As a pretty weak climber, I tend to try and leverage my strengths that come from 22 years experience as a runner when I’m dreaming up mountain objectives. The problem is usually finding a partner that harbors a similar interest in mixing A) moderate alpine climbing, and B) linking together lots of it. Most of the climbers I know who are strong enough to move quickly on 5.8-10 terrain are more likely to want to spend their time challenging themselves on harder routes and minimizing the amount of enduro foot travel (this tendency is totally understandable). Enter Jed Brown.
Jed and I climbed the Diamond together back at the end of June and had a great time. Jed is one of the more impressive mountain athletes I know—Alaskan-born grit, endurance sport enthusiasm and experience, unwavering mental composure when things start to go a little bit sideways, doesn’t mind running with a climbing pack, and, oh yeah, recipient of a Piolet d’Or. He’d never tell you.
But then he spent the entire month of July on an expedition to a 7000m peak in India, so we never got out again. When he got back last week, he texted me saying he had three weeks before school started again (he’s a Computer Science professor at CU-Boulder—some people are truly next-level human beings) and was psyched to get on some alpine granite. In typical fashion, a casual text rapidly and inexplicably snowballed into an out-sized objective: a link-up of Longs Peak, Spearhead, Chiefshead, and Mt. Alice in Rocky Mountain National Park. And, it makes the most sense to complete the loop via bike, too.
This would be a notable and big day as a simple run. And in the past I would’ve been super psyched on this as just a run. However, a big part of my motivation with climbing has always been to mix it with running into an engaging amalgam of mountain movement that covers inspiring, remote terrain via challenging, aesthetic routes. Rocky Mountain National Park is the perfect arena for this type of thing. Hence, we would be spicing things up by climbing each peak via a technical rock route.
So our plan was this: on the drive to the Longs Peak TH, stash bikes at the Wild Basin TH; climb the Casual Route on Longs Peak’s Diamond, Syke’s Sickle on Spearhead, Central Rib on Chiefshead (really just the most logical means of gaining the Continental Divide), and Central Ramp on the East Face of Mt. Alice; run the 8+ miles out to the WBTH; bike the 8 miles on the road from there back to my truck at the LPTH. Do it in-a-day, preferably without extending it too far into the nighttime.
There was precedence for this kind of thing, by much stronger climbers than myself. In 2003, Jonny Cop and Kelly Cordes established the “Triple Lindy” linking what they determined to be the three biggest faces in RMNP (the Diamond, Chiefshead NW Face, and Mt Alice East Face) in 22h42min car-to-car. In 2011, Scott Bennett and Blake Herrington upped the ante by climbing some slightly harder routes and adding the NE Face on Spearhead, completing the loop car-to-car in 23h45min.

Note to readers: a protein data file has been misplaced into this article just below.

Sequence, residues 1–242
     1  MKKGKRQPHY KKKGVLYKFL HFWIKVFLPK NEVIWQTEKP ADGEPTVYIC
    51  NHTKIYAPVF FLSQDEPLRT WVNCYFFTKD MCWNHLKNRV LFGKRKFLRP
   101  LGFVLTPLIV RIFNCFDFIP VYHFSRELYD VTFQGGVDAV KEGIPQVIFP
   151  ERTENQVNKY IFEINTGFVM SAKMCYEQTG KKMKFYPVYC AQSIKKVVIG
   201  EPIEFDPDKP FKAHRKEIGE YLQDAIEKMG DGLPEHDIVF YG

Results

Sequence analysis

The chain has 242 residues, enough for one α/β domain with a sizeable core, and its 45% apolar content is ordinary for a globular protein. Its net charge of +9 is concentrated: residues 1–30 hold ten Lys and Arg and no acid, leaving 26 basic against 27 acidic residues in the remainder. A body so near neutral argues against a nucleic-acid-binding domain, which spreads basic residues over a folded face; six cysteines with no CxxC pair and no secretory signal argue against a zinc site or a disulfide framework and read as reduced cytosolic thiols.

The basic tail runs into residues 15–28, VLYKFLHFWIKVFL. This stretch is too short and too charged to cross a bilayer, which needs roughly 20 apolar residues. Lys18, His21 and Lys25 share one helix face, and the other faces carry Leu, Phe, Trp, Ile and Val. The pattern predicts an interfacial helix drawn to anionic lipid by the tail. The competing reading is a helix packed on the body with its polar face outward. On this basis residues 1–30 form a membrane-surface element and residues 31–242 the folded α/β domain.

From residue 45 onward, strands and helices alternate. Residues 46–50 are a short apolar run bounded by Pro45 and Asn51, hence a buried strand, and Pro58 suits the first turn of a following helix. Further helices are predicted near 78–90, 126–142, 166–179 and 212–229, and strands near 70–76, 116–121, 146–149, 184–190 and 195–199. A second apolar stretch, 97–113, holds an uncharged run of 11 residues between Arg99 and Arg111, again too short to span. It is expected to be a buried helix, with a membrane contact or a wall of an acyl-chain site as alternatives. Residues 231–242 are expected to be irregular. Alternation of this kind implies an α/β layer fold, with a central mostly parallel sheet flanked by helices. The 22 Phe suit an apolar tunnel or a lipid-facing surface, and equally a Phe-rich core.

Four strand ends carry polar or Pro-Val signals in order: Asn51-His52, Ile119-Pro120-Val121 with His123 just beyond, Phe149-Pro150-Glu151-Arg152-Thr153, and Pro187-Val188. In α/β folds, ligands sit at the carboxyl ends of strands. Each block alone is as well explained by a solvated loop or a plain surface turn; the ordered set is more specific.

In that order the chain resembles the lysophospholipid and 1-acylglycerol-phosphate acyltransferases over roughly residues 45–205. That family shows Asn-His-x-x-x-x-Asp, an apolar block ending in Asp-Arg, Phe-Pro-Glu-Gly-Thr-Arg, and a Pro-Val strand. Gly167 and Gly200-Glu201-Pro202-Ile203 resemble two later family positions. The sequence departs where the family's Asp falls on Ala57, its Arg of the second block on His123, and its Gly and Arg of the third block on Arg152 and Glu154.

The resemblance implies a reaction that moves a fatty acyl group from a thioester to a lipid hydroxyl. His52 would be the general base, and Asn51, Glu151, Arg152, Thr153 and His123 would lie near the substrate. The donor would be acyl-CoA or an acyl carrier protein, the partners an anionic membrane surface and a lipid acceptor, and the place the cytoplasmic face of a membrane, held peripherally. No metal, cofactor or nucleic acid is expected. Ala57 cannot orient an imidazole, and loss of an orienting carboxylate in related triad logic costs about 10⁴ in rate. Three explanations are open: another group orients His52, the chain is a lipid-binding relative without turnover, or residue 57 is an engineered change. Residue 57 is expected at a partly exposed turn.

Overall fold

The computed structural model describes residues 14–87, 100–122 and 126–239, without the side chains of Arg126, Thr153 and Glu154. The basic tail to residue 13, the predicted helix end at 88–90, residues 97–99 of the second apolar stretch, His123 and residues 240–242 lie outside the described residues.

I’m not a good enough climber to efficiently get up any of the 5.10-11ish classics on Chiefshead (there doesn’t appear to be anything of quality at a more moderate grade on these faces EDIT: the Flight of the Kiwi route that Scott and Blake did during their link-up actually looks pretty reasonable, something to think about for 2016…), so I settled on simply climbing Spearhead and linking along the obvious ridge to the summit of Chiefshead (its Central Rib).
A key piece of our strategy of fitting all of this terrain into a single day was the equipment we planned to carry. Or maybe, the equipment we planned on not carrying. Jed and I each carried <20L packs—day packs, really—mine was a prototype of Ultimate Direction’s forthcoming 18L Skimo race pack. I prefer it for its sleek profile, low center of gravity, and durable materials.
We kept our packs trim by bringing almost no extra clothes—I had a longsleeve baselayer, a pair of cycling leg warmers, and rain shell—a 30m rope, and a trim rack of nine cams (doubles 0.3-0.5 and one each of 0.75, #1, #2) and maybe half a dozen finger-sized nuts. And three Petzl MicroTraxion progress-capture pulleys. These would be key to keeping our strategy of simul-climbing all day as safe as possible. Jed didn’t even bring leg coverage, spending the entire day in essentially his underwear. But, then again, he’s Alaskan. With food (~1300 calories of bars and gels) and water (a half liter flask was my total capacity), my pack weighed in right at 10lbs, carrying the rope (Jed had the rack).
After locking up our bikes in the dark at the Wild Basin Trailhead, Jed and I drove to the Longs Peak TH and started up the trail at 4:06am. A little bit of a late start, to be honest, but the sun is rising later and later these days, so it worked out pretty well. The approach was uneventful, other than finally nailing all the below-treeline shortcuts in the dark but then losing ~5min to extra bathroom breaks. As we rounded Chasm Lake, the early breezy conditions abated and the sky was clear, and we could see a pair of headlamps already high above us on Broadway and they seemed to be hovering right around the center of the face, at the start of the Casual Route. Bummer. Oh well, with our plans of simul-climbing, we hoped passing would be easy.